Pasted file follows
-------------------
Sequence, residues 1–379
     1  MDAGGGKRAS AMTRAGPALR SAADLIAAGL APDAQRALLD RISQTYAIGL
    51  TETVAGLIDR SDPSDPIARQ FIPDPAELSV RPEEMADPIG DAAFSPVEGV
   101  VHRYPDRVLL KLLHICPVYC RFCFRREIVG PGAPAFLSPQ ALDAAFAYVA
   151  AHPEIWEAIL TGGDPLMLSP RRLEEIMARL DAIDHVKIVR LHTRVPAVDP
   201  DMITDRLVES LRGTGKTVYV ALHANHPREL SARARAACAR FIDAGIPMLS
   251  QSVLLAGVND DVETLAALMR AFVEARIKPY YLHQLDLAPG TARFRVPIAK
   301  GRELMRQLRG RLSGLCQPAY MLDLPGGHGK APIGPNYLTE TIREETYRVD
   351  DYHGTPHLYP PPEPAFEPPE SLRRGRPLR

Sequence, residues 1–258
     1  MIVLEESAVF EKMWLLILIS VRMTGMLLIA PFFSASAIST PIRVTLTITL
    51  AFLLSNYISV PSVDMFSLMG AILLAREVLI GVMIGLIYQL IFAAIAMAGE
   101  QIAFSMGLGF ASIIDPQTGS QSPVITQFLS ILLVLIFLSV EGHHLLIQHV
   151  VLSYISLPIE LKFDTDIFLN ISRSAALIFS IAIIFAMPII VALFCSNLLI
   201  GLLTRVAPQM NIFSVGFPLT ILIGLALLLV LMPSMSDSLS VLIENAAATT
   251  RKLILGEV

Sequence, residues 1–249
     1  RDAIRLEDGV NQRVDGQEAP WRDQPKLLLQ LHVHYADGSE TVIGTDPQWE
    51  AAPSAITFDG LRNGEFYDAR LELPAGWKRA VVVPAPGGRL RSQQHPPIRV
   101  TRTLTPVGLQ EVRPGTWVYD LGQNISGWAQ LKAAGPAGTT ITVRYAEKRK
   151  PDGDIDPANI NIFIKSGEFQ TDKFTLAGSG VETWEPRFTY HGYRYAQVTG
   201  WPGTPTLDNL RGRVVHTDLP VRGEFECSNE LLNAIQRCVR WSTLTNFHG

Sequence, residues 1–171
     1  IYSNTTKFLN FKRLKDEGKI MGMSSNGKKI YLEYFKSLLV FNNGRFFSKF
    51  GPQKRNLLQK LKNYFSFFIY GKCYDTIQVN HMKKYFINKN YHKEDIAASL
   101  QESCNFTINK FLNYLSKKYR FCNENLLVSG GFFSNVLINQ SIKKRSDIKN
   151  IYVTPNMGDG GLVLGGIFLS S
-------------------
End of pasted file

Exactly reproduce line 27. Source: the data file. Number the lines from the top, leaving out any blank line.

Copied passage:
   151  IYVTPNMGDG GLVLGGIFLS S